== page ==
If discussing money with your significant other feels taboo, you’re not alone. One study by Capital Group found that couples are more comfortable talking about sex, drug addiction, marital problems, race, or religion, rather than anything related to their personal financial situation. And if you’re a member of Gen Z, research by Intuit found that you’d likely rather talk about your dating life with your family than your debt obligations.
While it’s understandable that you may be hesitant to share “your numbers” with others, it’s best to air out your dirty financial laundry sooner rather than later, especially if you’re in a serious relationship. Here, we’ll explain why it’s essential to start talking about money with your partner and how to have a conversation that will leave you both feeling better about the future—not worse.
Why talk about money at all?
Let’s get the biggest question out of the way: why do it at all, if it’s so uncomfortable?
If you’ve got financial goals, it is critical to make sure your partner is on the same page. Here’s an example of why.
Sasha (35) wants to retire at 55. Her student loans are already paid off, and she makes $70k a year. She saves about $1200 / month in retirement funds. A frugal spender, she has an emergency fund that covers six months of living expenses.
Her girlfriend Jill (36) wants to buy a house soon. She makes $90k a year. She has student loans and is paying the minimum ($150/month). She has $4,000 in savings but spends most of her money every month.
At some point, Sasha and Jill are going to have to talk about whether they’re buying a house together, and how much they can both afford to put toward a mortgage.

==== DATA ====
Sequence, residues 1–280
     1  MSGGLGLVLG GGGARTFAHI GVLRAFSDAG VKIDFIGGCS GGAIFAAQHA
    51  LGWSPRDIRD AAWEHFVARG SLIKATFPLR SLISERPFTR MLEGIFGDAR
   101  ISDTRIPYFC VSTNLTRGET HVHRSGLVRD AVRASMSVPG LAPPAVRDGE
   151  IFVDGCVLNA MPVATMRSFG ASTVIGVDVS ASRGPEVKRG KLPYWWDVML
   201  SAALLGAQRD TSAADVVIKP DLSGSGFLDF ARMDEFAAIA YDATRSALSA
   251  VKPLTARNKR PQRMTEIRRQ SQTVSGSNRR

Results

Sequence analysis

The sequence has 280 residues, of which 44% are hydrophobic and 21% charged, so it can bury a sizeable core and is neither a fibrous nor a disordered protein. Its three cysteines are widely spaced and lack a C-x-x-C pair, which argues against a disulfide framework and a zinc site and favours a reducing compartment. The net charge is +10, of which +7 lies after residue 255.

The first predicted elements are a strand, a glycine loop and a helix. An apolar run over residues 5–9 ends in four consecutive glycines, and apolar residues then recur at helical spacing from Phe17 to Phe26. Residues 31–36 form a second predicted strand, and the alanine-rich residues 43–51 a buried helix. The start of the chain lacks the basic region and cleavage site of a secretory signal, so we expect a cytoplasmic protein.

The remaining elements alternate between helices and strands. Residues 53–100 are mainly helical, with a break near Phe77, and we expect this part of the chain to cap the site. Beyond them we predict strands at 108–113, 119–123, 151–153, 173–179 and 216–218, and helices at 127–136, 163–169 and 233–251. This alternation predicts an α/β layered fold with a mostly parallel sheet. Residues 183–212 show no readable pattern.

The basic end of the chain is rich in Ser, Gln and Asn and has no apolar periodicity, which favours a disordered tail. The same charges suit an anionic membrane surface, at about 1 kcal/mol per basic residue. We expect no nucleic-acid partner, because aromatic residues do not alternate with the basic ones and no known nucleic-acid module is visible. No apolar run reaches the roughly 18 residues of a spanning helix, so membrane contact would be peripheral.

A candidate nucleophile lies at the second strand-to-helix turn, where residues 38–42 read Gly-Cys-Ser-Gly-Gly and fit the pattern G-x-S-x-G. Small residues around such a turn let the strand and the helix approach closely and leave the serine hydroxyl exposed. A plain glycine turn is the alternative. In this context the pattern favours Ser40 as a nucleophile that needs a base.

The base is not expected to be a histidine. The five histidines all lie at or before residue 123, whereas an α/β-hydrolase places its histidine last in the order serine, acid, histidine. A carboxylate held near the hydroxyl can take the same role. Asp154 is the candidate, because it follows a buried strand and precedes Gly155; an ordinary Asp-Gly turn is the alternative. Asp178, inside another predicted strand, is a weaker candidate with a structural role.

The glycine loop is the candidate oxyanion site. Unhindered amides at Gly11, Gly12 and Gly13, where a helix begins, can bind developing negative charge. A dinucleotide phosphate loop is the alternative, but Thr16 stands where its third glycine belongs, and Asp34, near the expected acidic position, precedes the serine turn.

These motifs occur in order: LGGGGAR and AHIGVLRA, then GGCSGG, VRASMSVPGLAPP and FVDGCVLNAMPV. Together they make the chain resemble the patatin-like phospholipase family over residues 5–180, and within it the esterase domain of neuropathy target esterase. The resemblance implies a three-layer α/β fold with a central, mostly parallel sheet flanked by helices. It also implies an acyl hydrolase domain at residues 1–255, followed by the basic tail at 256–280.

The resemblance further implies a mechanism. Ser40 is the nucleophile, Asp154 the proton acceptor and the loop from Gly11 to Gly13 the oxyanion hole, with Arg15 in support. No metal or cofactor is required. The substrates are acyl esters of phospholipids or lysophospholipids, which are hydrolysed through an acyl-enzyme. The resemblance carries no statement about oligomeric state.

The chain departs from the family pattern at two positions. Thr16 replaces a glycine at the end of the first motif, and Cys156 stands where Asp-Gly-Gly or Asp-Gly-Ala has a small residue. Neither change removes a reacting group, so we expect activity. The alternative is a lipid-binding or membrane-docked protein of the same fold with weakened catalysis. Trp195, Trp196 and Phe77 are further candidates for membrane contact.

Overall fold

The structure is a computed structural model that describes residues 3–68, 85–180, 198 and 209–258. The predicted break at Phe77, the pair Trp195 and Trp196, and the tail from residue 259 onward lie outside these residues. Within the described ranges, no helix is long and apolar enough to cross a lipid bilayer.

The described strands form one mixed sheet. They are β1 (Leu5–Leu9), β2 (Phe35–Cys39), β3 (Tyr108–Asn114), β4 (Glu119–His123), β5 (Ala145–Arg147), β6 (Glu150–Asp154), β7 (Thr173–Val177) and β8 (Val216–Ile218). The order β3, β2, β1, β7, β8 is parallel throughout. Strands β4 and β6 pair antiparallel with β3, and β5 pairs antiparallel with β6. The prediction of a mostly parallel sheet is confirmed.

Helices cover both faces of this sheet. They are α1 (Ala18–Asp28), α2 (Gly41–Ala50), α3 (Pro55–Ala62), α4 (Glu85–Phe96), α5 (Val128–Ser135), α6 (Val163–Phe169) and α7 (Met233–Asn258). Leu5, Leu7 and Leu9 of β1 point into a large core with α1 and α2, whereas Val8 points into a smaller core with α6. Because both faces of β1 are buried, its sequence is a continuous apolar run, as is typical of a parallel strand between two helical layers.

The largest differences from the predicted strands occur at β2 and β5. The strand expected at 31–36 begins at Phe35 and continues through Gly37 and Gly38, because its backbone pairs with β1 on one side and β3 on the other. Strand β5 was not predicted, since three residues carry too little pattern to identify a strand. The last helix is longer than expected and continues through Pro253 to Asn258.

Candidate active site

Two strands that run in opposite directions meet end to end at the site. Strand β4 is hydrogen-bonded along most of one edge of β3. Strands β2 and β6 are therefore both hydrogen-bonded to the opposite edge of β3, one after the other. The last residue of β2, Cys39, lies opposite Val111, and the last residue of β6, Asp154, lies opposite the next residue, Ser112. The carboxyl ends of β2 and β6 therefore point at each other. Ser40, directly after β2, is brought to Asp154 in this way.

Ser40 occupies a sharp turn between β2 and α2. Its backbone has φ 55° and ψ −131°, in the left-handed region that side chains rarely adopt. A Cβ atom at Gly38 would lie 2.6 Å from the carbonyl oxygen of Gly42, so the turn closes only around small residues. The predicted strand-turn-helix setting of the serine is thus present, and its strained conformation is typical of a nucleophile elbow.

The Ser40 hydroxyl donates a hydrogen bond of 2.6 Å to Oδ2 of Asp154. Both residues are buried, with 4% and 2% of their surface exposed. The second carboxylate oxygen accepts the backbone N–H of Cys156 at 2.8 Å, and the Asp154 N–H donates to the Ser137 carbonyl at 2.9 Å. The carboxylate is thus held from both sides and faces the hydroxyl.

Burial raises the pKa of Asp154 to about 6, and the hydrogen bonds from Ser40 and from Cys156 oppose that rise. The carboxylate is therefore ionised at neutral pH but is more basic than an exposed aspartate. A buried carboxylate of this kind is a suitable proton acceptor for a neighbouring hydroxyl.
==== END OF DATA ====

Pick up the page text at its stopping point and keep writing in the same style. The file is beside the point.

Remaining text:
- Jill makes more—and spends more. Is she willing to be a little more frugal and buy a less expensive house?
- Or is Sasha willing to spend a little more, even if it means she retires a little later than she planned?
That’s just one example. They’ll also have to talk about how to split bills if Sasha retires early, how Jill will pay off her student loans with a big mortgage, what they need in savings together to afford their lifestyle—these questions are just the beginning of a bigger conversation.
If you’re thinking at all, “Yikes. That sounds hard. Maybe they should just put off that conversation a little longer,” ask yourself this: is it harder to have those conversations now, when there is no house and no retirement, and they have choices? Or later, when they have no choice but to figure out a way to make things work in the middle of a financial crisis?
When to Start Talking About Money
Every relationship is different. The answer to when you should start sharing your finances with a romantic partner will depend on who you ask—some might say on the first date, and others will argue it’s something to discuss before you walk down the aisle. Some would argue that you should put it off as long as possible—but we would remind those folks that money is the number one thing couples argue about.
Wherever you stand on that spectrum is a personal choice, but the sooner you have “the Money Talk” with your significant other, the sooner you can work on aligning your goals and being more comfortable talking about money in general. Don’t wait until a financial problem comes up.
How to Talk About Money with Your Partner
Once you decide at what point in your relationship you feel comfortable having that vital conversation around your personal finances, the question then becomes, “How do we do it?” The good news is, by following a few concrete steps, you can create a safe environment for you both to come clean about your financial worries and fears—and better yet, your successes.
Step 1: Schedule a time
This step is an especially important one, especially if you need help with how to broach the topic. By scheduling a time, it allows you both to prepare your thoughts (and your spreadsheets!), and neither of you will feel blindsided when the other asks about uncomfortable topics like credit card debt or annual salaries. To make it a bit more fun—maybe even romantic—you might consider ordering in from your favorite restaurant to have something to look forward to once you’ve reviewed everything on your agenda.